US 4174617 A
By comparing with the magnitude of a sea-level reference parameter, an electrical parameter in a pressure-temperature sensor or sensors coupled to the air induction system of an internal combustion engine, particularly a turbocharged engine, a control signal may be derived which will automatically adjust the flow of exhaust gas to the turbocharger and will automatically result in constant engine power from sea level to a critical altitude.
1. A turbocharger control system for an internal combustion engine having a throttle, an intake manifold and an exhaust manifold, including:
a pressure sensor coupled to said intake manifold and responsive to changes in the air pressure therein to produce a change in a first electrical parameter;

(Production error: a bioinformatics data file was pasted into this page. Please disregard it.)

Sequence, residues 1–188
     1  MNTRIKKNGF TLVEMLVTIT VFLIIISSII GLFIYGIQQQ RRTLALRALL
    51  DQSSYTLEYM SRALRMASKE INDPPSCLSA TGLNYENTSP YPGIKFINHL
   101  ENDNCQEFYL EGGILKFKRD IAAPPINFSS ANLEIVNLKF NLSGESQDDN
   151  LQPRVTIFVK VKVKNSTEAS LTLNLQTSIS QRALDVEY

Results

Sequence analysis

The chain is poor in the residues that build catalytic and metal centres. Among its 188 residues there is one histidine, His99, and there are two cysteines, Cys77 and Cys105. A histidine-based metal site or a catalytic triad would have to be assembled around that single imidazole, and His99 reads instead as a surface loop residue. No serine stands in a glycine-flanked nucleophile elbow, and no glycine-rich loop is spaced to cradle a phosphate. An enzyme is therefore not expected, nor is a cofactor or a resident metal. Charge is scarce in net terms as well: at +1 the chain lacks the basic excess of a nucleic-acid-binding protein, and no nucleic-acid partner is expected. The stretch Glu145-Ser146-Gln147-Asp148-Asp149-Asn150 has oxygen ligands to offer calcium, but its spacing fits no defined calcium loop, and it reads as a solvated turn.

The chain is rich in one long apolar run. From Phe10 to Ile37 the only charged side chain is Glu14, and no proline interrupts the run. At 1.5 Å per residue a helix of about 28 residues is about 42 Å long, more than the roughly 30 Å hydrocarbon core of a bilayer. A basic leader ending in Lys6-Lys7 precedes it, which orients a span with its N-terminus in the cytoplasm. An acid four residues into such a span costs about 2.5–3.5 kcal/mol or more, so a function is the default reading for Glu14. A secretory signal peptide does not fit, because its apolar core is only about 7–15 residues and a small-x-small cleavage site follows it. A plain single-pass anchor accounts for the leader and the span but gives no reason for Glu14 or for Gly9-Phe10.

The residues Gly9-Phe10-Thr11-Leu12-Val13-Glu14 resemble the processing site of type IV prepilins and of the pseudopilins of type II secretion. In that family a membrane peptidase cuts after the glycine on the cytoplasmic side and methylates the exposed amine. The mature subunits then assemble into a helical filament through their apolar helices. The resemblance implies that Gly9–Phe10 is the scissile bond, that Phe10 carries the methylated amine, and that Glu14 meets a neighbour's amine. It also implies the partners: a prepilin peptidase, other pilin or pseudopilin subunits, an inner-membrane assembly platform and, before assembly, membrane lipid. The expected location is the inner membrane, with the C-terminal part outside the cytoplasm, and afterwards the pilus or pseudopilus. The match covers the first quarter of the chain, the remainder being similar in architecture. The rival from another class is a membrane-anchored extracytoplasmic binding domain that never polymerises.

variable electrical means coupled mechanically to said throttle and responsive to the setting of said throttle to set a second electrical parameter of the same type as first electrical parameter;
a comparator circuit including balanced means for comparing the respective total magnitudes of said first and second parameters and trigger means responsive to any imbalance between said total magnitudes of said first and second parameters for producing a correctional output voltage having a polarity indicative of the relative sizes of said total magnitudes of said first and second parameters, respectively;
a gas-driven turbine;
an exhaust gas duct adapted to be coupled at one end to said exhaust manifold and at the other end to said turbine;
an air duct coupled to said intake manifold;
an air compressor;
coupling means for mechanically coupling said air compressor to said turbine, said air compressor being pneumatically coupled to said air duct for the flow of air therebetween;